A reverse mortgage allows you to borrow money using the equity in your home as security. The loan can be taken as a lump sum, a regular income stream, a line of credit or a combination of these options. While no income is required to qualify, credit providers are required by law to lend you money responsibly so not everyone will be able to obtain this type of loan.
Interest is charged like any other loan, except you don’t have to make repayments while you live in your home – the interest compounds over time and is added to your loan balance. You remain the owner of your house and can stay in it for as long as you want.
You must repay the loan in full (including interest and fees) when you sell your home or die or, in most cases, if you move into aged care.
- The older you are, the more you can borrow. Different lenders may have different policies about how much they will let you borrow.
- As a general guide, if you are 60 the maximum amount you can borrow is likely to be 15-20% of the value of your home. You can usually add 1% for each year older than 60. That means if you are 70, the maximum amount you could borrow would be about 25-30%.
- The minimum amount you can borrow may depend on the provider. It could be as low as $20 000. Keep in mind that if you borrow the maximum amount now, you may not have access to any more money later.
Graph from ASIC website
- The cost of the loan depends on the interest rate and fees. The main issue is that as the interest compounds, the debt will grow rapidly.
- Some reverse mortgage products also allow you to protect a portion of the value of the property. For example, you might want to ensure that you have $200,000 left in case you need a bond for an aged care hostel. Use our reverse mortgage calculator to explore your options.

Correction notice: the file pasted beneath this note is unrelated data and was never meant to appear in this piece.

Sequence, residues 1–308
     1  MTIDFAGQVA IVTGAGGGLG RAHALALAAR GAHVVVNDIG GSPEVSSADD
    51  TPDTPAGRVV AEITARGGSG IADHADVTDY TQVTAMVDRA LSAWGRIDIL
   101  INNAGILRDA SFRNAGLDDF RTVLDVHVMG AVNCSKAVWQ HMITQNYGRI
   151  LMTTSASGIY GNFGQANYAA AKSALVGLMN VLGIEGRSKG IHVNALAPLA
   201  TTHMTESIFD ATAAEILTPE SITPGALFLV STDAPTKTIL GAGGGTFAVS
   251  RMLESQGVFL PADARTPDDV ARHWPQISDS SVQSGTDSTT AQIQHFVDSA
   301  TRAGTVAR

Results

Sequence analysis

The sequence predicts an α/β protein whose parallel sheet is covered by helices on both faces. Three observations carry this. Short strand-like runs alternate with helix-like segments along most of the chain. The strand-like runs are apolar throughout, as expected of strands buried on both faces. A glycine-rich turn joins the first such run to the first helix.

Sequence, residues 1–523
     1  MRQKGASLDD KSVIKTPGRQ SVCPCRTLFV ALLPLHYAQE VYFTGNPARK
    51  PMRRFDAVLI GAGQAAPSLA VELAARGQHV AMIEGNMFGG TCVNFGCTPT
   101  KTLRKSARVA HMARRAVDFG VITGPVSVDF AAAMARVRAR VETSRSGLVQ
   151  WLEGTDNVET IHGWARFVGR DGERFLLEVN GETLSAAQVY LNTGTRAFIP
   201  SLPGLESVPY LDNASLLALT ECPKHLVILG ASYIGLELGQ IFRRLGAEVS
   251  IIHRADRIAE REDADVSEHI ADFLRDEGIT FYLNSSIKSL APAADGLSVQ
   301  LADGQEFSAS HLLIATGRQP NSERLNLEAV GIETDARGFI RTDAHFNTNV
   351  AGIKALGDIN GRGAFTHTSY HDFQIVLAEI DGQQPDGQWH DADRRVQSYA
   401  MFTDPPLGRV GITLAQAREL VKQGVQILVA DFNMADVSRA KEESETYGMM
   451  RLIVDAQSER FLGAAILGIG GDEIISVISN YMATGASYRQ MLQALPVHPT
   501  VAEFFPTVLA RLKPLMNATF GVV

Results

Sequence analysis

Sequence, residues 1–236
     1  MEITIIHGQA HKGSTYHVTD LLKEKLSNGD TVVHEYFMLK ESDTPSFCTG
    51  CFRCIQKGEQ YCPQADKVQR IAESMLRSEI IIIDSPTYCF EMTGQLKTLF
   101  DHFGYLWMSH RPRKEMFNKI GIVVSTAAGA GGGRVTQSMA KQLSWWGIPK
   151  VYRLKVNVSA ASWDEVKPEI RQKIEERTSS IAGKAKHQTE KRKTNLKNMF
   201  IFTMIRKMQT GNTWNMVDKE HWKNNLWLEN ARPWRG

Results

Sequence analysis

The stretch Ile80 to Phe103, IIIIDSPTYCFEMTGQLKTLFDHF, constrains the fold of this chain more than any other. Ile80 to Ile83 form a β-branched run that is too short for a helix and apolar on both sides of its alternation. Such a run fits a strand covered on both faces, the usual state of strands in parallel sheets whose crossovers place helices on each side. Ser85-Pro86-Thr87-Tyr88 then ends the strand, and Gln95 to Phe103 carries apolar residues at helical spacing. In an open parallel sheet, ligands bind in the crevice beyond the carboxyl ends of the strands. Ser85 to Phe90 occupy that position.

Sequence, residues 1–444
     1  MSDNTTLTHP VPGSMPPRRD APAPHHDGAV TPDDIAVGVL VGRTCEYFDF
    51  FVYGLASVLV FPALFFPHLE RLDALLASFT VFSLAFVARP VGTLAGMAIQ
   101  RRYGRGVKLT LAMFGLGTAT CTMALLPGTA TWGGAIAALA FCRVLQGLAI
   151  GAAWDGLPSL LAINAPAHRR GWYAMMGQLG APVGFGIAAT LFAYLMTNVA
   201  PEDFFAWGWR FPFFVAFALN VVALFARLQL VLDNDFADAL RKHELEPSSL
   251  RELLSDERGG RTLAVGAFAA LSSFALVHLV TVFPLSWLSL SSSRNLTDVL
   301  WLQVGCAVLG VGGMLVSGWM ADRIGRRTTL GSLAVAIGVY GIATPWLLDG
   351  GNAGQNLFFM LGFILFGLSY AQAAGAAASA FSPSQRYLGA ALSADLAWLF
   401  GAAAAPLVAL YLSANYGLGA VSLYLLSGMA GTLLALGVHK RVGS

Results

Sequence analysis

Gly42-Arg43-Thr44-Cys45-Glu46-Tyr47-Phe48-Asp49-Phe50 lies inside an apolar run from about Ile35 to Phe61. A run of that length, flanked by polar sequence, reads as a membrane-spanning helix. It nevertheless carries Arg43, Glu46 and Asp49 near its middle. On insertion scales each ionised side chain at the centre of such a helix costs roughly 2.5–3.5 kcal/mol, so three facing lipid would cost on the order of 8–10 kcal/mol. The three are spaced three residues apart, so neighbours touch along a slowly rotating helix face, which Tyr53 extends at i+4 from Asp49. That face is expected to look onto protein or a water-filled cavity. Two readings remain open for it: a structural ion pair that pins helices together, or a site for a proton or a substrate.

- If you are borrowing money from a lender other than an Authorised Deposit-taking Institution such as a bank, building society or credit union, by law they must not charge more than 48% interest including all fees and charges.
- A reverse mortgage can be useful to relieve financial pressure or improve your lifestyle. Be aware of the conditions of the loan and the choices available. Use a licensed mortgage broker and seek financial advice from eg your accountant and think about discussing your decision with your family before you commit to a reverse mortgage.
- Interest rates are generally higher than average home loans
- The debt can rise quickly as the interest compounds over the term of the loan – this is the effect of compound interest and is something you need to be aware of before making any decisions
- The loan may affect your pension eligibility
- You may not have enough money left for aged care or other future needs
- If you are the sole owner of the property and someone lives with you, that person may not be able to stay when you die (in some circumstances
- If you fix your interest rate then the costs to break your agreement can be very high
- Do not spend all the money you receive when getting a reverse mortgage. You may not want to think too far into the future or about how your health and living situation might change 10, 20 or even 30 years from now. But it is important that you start planning now for the extra costs you could incur like medical expenses and aged care, so that you will have enough money left to cover them.
When the reverse mortgage contract ends and your home is sold, the lender will receive the proceeds of the sale and you cannot be held liable for any debt in excess of this (except in certain circumstances such as fraud or misrepresentation). Of course where your home sells for more than the amount owed to the lender, you or your estate will receive the extra funds.If you entered into a reverse mortgage before 18 September 2012, check your contract.